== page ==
As tomorrow’s date includes the celebration of our wedding anniversary, I would like to take a moment to encourage all of us who assist the Faithful with their musical worship to also celebrate and honor our spouses and partners in life who generally do the “both/and” tasks of supporting us with our domestic and family concerns as well as often directly bolstering our musical enterprises with their amazing talents.
Many readers are familiar with my husband, Charles, who spends time with his colleagues here in the Chant Café discussing, with devotion, our Holy Mother Church and her liturgy. I am an estate administration paralegal by profession but have had the joy of working beside my husband in the ministry of pastoral music since 1974.
This year, after attending two Colloquium and listening to Charles’ experience at Chant Intensive in San Diego two years ago, I decided to join the many others this past week in New Orleans in the Beginning chant seminar offered by Scott Turkington. Approaching the seminar facility – a two story building nestled in the courtyard behind the rectory of St. Patrick’s Catholic Church, it seemed only fitting that those of us beginning our study of chant, its history and performance, its prayer, ascended two flights of stairs to spend a week learning from our instructor and, often, being supported from below by the strains of chant melody sung by the Advanced seminar members led by Dr. William Mahrt (Charles included…). The week passed in that manner…ascending to learn, descending to reflect and to join with the other seminar attendees to share experiences and, finally, to sing at the solemn celebration of the Mass for Epiphany with Benediction and Exposition of the Blessed Sacrament. What a glorious week!
Our beginning group gathered from Canada to California, Minnesota to New Mexico, and was made up of professional directors and brand new volunteer directors seeking tools to use in locating repertoire and teaching their choirs; cantors and choir members (new members and experienced members); seminarians, deacons and priests, all there to invest themselves in the beauty of chant as clergy; together with new Catholics without musical backgrounds seeking the beauty of their new faith in the ancient chant of the Church…all of us, together, hoping to gain an understanding of the neumes and nuances of modes and the ictus, propers and ordinaries, solfeggio and lonely punctums, psalm tones and chironomy…word accents…all elements illuminated through Scott’s expertise and dedication.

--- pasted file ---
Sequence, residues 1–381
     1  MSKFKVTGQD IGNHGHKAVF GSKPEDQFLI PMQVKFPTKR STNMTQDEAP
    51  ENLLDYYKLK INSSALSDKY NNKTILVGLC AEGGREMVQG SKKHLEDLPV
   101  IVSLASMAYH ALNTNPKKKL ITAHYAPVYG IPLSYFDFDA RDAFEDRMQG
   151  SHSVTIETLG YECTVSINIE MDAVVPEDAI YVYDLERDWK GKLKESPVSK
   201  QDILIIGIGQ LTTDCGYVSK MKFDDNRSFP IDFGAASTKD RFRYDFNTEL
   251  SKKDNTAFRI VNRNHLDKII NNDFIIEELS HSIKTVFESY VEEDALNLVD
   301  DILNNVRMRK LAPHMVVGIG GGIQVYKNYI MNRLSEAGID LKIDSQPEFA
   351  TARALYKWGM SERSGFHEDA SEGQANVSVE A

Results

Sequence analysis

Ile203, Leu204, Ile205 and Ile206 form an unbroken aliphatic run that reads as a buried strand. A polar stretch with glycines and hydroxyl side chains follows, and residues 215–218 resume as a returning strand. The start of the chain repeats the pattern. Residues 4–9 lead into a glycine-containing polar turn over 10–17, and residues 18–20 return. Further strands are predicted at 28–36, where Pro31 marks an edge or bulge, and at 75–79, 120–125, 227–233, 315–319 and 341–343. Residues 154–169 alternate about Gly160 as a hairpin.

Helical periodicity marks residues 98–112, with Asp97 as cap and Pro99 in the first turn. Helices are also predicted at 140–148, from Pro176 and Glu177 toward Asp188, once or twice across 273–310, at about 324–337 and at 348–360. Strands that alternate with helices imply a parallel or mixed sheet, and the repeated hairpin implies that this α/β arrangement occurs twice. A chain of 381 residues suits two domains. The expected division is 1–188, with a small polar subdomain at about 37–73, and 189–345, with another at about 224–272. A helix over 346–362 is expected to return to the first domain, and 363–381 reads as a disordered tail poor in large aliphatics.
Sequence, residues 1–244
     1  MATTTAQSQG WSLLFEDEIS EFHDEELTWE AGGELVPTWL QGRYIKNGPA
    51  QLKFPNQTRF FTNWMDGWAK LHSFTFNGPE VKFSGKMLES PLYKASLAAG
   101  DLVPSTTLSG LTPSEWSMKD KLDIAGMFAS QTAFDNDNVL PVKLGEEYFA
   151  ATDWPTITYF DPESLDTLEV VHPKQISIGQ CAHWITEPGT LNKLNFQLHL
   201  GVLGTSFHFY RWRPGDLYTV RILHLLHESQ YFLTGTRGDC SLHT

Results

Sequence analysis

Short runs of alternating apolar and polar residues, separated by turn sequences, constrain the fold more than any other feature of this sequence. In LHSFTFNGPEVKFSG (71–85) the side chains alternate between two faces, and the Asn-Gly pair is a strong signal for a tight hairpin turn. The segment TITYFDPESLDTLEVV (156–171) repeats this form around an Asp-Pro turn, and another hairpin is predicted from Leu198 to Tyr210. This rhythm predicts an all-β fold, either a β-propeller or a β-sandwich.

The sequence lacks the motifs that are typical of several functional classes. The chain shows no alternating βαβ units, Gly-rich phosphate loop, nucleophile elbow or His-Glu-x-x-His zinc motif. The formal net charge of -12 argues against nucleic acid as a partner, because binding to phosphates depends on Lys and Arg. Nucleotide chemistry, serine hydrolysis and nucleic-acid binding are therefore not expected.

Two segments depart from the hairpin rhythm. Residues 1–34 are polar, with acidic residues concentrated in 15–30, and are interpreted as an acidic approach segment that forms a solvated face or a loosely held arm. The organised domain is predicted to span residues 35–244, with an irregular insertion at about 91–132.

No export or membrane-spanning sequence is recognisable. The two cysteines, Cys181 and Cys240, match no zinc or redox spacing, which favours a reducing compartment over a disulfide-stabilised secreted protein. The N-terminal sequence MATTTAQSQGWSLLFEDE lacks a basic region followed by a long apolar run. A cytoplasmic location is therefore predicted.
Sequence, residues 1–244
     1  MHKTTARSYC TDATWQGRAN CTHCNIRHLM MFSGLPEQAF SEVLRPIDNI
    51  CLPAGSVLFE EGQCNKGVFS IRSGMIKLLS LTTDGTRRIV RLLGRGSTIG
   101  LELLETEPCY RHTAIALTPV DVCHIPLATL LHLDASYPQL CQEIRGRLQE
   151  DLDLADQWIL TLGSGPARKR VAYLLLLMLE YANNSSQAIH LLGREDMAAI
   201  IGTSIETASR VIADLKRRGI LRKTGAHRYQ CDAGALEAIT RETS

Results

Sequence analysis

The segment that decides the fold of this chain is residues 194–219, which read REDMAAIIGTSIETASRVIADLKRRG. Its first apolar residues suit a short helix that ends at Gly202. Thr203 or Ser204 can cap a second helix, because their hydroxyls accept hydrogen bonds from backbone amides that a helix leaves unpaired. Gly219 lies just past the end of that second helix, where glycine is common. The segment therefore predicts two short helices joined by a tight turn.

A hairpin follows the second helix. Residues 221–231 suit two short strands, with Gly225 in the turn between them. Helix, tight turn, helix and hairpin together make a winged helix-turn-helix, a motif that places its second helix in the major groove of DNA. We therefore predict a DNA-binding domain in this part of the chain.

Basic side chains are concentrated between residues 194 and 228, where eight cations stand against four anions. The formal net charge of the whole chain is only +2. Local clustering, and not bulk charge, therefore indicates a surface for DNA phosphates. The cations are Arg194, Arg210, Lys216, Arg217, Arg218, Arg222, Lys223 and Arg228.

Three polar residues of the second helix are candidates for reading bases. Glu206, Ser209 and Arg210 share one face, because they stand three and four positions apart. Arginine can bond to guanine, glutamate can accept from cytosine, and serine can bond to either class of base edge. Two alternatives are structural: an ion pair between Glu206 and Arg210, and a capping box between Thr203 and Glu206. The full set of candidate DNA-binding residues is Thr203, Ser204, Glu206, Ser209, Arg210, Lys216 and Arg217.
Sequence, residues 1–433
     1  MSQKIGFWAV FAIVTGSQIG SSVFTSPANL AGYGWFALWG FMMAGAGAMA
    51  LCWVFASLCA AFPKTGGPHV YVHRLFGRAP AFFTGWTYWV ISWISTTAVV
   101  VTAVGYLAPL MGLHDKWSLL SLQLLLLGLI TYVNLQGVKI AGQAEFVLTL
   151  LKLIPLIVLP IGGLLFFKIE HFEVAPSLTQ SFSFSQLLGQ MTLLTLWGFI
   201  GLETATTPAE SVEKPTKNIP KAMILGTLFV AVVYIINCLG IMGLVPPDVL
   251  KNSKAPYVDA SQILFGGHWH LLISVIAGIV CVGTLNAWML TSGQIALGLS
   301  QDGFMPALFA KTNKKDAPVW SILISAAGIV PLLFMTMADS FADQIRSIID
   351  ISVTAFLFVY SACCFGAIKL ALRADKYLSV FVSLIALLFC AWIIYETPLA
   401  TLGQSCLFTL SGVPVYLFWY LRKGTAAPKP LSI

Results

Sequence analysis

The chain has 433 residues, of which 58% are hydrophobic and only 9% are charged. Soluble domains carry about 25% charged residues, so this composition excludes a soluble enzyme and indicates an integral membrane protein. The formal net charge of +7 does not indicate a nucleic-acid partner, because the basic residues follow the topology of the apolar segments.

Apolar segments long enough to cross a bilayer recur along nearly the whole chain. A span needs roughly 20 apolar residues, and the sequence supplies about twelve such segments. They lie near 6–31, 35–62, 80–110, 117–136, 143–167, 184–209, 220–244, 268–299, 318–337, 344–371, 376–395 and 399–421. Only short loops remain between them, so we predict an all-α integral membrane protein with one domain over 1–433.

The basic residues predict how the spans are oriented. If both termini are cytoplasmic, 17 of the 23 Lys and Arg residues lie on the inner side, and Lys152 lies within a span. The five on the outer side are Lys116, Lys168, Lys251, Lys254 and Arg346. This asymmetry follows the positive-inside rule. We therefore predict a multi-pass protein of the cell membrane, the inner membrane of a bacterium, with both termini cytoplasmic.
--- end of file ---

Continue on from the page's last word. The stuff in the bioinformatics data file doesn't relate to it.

Ascending those stairs for each session brought all of us into the presence of a master teacher…Scott saw each of us at our ability level and need and was able, in a room of 35-40 individuals, to gather us into the one voice of the chant melody with care and confidence, humor (“Oh…listen to the semiologists downstairs…” Scott would quip) and challenges! Each aspect of chant study was accompanied by authoritative references to Solemnes masters and historical writings, anecdotes offered by Scott from his personal experience of Gregorian chant study and his own writings which informed the instruction along the way. Scott conducted through our stumblings and rejoiced in our successes as we learned Mass IX, the Introit and Communion antiphon for Epiphany, the Te Deum Laudamus and other chants for the Friday celebrations.
Our Beginning seminar, now a familiar ensemble, descended the steps of St. Patrick’s last Friday to take up our journeys with and through Gregorian chant in our own communities. For my part, I have given up Sudoku to spend time with a pencil (with eraser!), my PBC (Parish Book of Chant) and Gregorian Missal, and the rules of chant worksheets now rough-edged and worn. There with me, as I pour over the 2s and 3s and liquescents, is Scott with his smile, lifted palate and pitch to voice the Great Song at the heart of our worship. Deo gratias!
Thank you, Scott, for everything. See you, and hopefully many of our Beginning seminar members, at Colloquium in Pittsburgh!
PS from Charles: